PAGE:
Radio buttons are suitable for attributes that can take a single value from a set of alternatives. All radio buttons in the same group should be given the same name. Only the selected radio button in the group generates a name/value pair in the submitted data. Both Name and Value attributes are required for radio buttons. To initialize the radio button to its selected state, include the Checked attribute. Radio buttons offer an alternative to using the Select element for single-choice menus.
Range fields enable the user to pick a numeric value between a lower and an upper bound. You specify the range with the Min and Max attributes, as in
<input name=rating type=range min=1 max=10>
If either the lower or upper bound is a real number, the range is a real value; otherwise, it is restricted to integer values only. You can use the Value attribute to initialize the Range field. It is an error for the value to lie outside the specified range. The default value is midway between the lower and upper limits.
After a Reset button is clicked, the form's fields are reset to their specified initial values. The label to be displayed on the button can be specified just as for the Submit button. Likewise, you can use the SRC attribute to specify a graphic.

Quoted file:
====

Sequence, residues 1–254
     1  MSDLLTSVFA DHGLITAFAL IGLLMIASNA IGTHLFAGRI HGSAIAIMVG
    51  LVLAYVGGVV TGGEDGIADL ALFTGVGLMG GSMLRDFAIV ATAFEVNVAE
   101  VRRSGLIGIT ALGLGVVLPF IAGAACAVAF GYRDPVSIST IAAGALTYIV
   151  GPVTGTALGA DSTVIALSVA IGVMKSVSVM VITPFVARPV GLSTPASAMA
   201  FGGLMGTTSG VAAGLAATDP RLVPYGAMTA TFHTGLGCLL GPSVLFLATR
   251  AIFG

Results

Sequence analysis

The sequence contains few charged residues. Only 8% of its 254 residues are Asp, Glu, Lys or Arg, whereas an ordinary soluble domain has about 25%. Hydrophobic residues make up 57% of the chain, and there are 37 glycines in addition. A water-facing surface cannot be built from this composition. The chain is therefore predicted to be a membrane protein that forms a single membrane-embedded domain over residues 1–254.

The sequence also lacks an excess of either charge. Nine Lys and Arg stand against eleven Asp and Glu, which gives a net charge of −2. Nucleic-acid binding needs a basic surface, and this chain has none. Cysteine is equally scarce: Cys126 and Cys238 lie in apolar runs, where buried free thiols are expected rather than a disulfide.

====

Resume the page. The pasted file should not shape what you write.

The Scribble on Image fields enable users to scribble with a pointing device (such as a mouse or pen) on top of a predefined image. You specify the image as a URI with the SRC attribute. If the user agent can't display images or can't provide a means for users to scribble on the image, you should treat the field as a Text field. You can use the Value attribute to initialize the Text field for these users. It is ignored when the user agent provides Scribble on Image support.
You use single-line text fields to enable users to enter short text strings, such as people's names, numbers, and dates. You can set the visible width of the field in characters with the Size attribute. When using a variable-pitch font, the Size attribute sets the width in en units (half the point size).
Users should be able to enter more than this; the contents of the field should scroll horizontally as needed. You can use the Maxlength attribute to specify the maximum number of characters permitted for the string.
If the Type attribute is missing, the Input element is assumed to be a single-line text field. You use the Name attribute to identify the field when the form's contents are converted to the name/value list.
You use the Value field to
initialize the text string. You can use character entities such
as accented characters in this string.